The launch of trilateral strategic consultations among the United States, India, and Japan, and their decision to hold joint naval exercises this year, signals efforts to form an entente among the Asia-Pacific region’s three leading democracies. These efforts — in the world’s most economically dynamic region, where the specter of a power imbalance looms large — also have been underscored by the Obama administration’s new strategic guidance for the Pentagon. The new strategy calls for “rebalancing toward the Asia-Pacific” and support of India as a “regional economic anchor and provider of security in the broader Indian Ocean region.”
At a time when Asia is in transition and troubled by growing security challenges, the US, India, and Japan are seeking to build a broader strategic understanding to advance their shared interests. Their effort calls to mind the pre-World War I Franco-British-Russian “Triple Entente” to meet the threat posed by the rapid rise of an increasingly assertive Germany.
This time, the impetus has been provided by China’s increasingly muscular foreign policy. But unlike the anti-German entente a century ago, the aim is not to contain China. Rather, US policy is to use economic interdependence and China’s full integration into international institutions to dissuade its leaders from aggressively seeking Asian hegemony.
Indeed, the intention of the three democratic powers is to create an entente cordiale without transforming it into a formal military alliance, which they recognize would be counterproductive. Yet this entente could serve as an important strategic instrument to deter China’s rising power from sliding into arrogance. The three partners also seek to contribute to the construction of a stable, liberal, rules-based regional order.
After their recent first round of strategic dialogue in Washington, the US, Japan, and India will hold more structured discussions in Tokyo, aimed at strengthening trilateral coordination. Over time, the trilateral initiative could become quadrilateral with Australia’s inclusion. A parallel Australia-India-US axis, however, is likely to precede the formation of any quadrilateral partnership, especially in view of the earlier failure to launch such a four-party coalition.
Important shifts in American, Japanese, and Indian strategic preferences and policies, however, are needed to build meaningful trilateral collaboration. Japan, America’s treaty ally, has established military interoperability only with US forces. Following its 2008 security-cooperation declaration with India, Japan must also build interoperability with Indian naval forces, so that, as former Japanese Prime Minister Shinzo Abe has said, “Japan’s navy and the Indian navy are seamlessly interconnected.”
American and Indian forces have conducted dozens of joint exercises in recent years, but some US analysts complain that India still hews to “nonalignment” in power politics by guarding its strategic autonomy. In reality, India is just being more cautious, because it is more vulnerable to direct Chinese pressure from across a long, disputed Himalayan border. Whereas Japan is separated from China by an ocean and the US is geographically distant, China has sharply escalated border violations and other incidents in recent years to increase pressure on India, even as the US has maintained tacit neutrality on Sino-Indian disputes.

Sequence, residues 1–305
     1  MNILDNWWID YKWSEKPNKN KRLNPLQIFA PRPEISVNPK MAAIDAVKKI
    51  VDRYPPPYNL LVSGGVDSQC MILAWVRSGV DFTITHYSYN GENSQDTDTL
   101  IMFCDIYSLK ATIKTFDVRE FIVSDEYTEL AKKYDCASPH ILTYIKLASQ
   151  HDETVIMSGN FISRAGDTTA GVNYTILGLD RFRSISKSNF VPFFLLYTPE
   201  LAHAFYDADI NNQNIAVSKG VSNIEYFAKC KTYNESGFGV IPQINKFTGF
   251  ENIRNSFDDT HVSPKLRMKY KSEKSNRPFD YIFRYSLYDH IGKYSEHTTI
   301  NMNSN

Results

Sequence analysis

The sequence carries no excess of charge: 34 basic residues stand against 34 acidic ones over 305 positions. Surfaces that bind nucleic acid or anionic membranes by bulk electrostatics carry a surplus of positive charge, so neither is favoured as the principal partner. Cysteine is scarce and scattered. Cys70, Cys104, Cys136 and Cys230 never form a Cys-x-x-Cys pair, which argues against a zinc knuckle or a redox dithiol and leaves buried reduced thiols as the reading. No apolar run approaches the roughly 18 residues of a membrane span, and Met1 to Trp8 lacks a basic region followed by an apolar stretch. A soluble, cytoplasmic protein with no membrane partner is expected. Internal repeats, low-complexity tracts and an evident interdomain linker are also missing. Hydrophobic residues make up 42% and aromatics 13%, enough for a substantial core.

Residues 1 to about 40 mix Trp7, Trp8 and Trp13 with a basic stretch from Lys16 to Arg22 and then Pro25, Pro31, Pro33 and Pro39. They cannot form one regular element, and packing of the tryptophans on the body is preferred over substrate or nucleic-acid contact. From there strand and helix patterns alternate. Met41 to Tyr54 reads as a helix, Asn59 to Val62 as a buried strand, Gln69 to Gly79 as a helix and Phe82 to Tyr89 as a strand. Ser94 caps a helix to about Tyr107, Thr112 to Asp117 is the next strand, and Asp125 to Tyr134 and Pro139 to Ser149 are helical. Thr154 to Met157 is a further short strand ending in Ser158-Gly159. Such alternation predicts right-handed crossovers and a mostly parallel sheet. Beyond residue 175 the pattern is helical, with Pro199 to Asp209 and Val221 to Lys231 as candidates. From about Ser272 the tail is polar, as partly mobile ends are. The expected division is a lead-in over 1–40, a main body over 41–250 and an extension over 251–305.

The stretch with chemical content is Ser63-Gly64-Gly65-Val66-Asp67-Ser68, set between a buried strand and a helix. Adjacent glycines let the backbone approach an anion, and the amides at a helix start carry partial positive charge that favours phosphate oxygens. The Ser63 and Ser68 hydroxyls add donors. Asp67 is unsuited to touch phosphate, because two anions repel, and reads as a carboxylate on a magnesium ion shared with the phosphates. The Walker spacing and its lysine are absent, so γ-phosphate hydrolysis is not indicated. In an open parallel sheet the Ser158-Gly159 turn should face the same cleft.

But, in view of America’s dire fiscal challenges, the Obama administration has just announced plans for a leaner military and greater reliance on regional allies and partners. This demands that the US transcend its Cold War-era hub-and-spoke system, whose patron-client framework is hardly conducive to building new alliances (or “spokes”). India for example, cannot be a Japan to the US. Indeed, the US has worked to co-opt India in a “soft alliance” devoid of treaty obligations.
The hub-and-spoke system, in fact, is more suited to maintain Japan as an American protectorate than to allow Japan to contribute effectively to achieving the central US policy objective in Asia: a stable balance of power. A subtle US policy shift that encourages Tokyo to cut its overdependence on America and do more for its own defense can more effectively contribute to that equilibrium.
Such a shift is likely to be dictated by the US imperative to cut defense expenditure further, in order to focus on the comprehensive domestic renewal needed to arrest the erosion in its relative power. If the US is to rely less on prepositioned forward deployments and more on acting as an offshore balancer, it will need to make fundamental changes in its post-1945 security system.
The three entente parties must also understand the limits of their partnership. The broad convergence of their strategic objectives in the Asia-Pacific region does not mean that they will see eye-to-eye on all issues. Consider, for example, their earlier contrasting approaches toward Burma, or their current differences over the new US energy sanctions against Iran.
Building true military interoperability within the entente will not be easy, owing to the absence of a treaty relationship between the US and India, and to their forces’ different weapon systems and training. But, given that no formal tripartite alliance is sought, limited interoperability may mesh well with this entente cordiale’s political objectives. Indeed, the entente’s political utility is likely to surpass its military value.
Even so, the deepening cooperation between the US, India, and Japan can help to strengthen maritime security in the Indo-Pacific region — the world’s leading trade and energy seaway — and shape a healthy and stable Asian power equilibrium.
Brahma Chellaney, a professor of strategic studies at the independent Center for Policy Research in New Delhi, is the author of Asian Juggernaut: The Rise of China, India, and Japan.
Copyright: Project Syndicate, 2012.